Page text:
Harnessing Zimbabwe’s Diaspora Towards the National Settlement

SAPES Policy Dialogue Forum – Online Series Number 2 of 2020

Date: 25 June 2020

The 2nd in the SAPES Trust Policy Dialogue series took place on Thursday the 25th of June 2020. In advertising the Policy Dialogue, the convenor, Dr. Ibbo Mandaza set the scene by issuing the following statement:

The period since the year 2000 has seen an unprecedented growth in the number of Zimbabweans who have left the country, as largely a reaction to the deteriorating political and economic situation at home. Estimates of the population of Zimbabweans living in the Diaspora is between 4 and 5 Million, if not more. In other words, at least 25% of the Zimbabwean population is in the Diaspora. The largest number of Zimbabwean Diasporians is in the SADC neighbourhood, mainly South Africa, Botswana, and Namibia; in the UK, USA, and Canada; and in New Zealand and Australia. The most significant feature of all these statistics is the shocking discovery that as many as 70 -75 percent of all skilled and professional Zimbabweans are in the Diaspora, notably medical doctors, nurses, teachers, engineers, lawyers, financial and managerial experts, university professors, international civil servants and the best of technocrats generally. Not to mention the large numbers of semi-skilled and unskilled workers who have become as indispensable to the receiving countries as their skilled and professional counterparts. The negative impact on Zimbabwe’s human capital base is obvious, particularly for a country which during its first decade of independence boasted a historic revolution in education and human resources development.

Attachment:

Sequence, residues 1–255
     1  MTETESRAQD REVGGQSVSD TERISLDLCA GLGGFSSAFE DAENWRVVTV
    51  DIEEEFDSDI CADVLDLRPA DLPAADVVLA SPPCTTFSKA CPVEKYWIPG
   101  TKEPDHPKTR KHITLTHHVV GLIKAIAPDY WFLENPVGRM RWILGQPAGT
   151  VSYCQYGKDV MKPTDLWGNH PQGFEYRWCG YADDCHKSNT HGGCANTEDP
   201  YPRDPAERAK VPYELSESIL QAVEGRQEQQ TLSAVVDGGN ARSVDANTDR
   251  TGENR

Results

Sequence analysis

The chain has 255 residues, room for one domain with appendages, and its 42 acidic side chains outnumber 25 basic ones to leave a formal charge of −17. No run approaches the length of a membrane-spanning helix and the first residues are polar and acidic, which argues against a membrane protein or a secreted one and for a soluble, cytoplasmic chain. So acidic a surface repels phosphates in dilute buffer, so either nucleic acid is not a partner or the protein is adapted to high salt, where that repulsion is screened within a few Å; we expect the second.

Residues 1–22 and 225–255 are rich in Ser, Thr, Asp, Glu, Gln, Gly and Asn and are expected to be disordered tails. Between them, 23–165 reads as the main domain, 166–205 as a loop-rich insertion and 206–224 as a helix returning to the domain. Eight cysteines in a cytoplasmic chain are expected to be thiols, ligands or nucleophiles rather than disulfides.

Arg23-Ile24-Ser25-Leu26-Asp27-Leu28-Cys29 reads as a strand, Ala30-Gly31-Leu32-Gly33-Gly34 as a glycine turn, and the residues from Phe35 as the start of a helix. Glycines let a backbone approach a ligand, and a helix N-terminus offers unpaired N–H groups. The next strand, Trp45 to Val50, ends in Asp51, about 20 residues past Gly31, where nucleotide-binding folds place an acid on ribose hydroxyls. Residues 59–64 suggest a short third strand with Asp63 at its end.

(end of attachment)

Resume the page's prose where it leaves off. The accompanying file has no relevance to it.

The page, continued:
Now, the fruits of independence are being enjoyed elsewhere while Mother Zimbabwe suffers the loss as reflected in the deteriorating economic and political situation. The fact that the volume of remittances is about $5 Billion per annum, which is either more or equal to Zimbabwe’s annual budget and no doubt an indispensable factor on the part of the Diaspora, cannot be sufficient compensation for the kind of contribution that the 25% (and 70-75% of skilled and professional Zimbabweans) of our population might have made to the national development objectives while engaged at home. Not surprisingly, the capacity for both economic and political recovery is severely curtailed; and, conversely, the harnessing of Zimbabwe’s Diaspora is a necessity for the National Settlement. This, then, is the subject before us, calling out as it does, less about how we got here – because all that is obvious; but more of what needs to be done Now!


  1. Godfrey Kanyenze
  2. Chipo Dendere
  3. Tendayi Dumbutchena
  4. Yvonne Gwashawanhu, and
  5. Violet Gonda, the Moderator

Download full discussion report here (214KB PDF)

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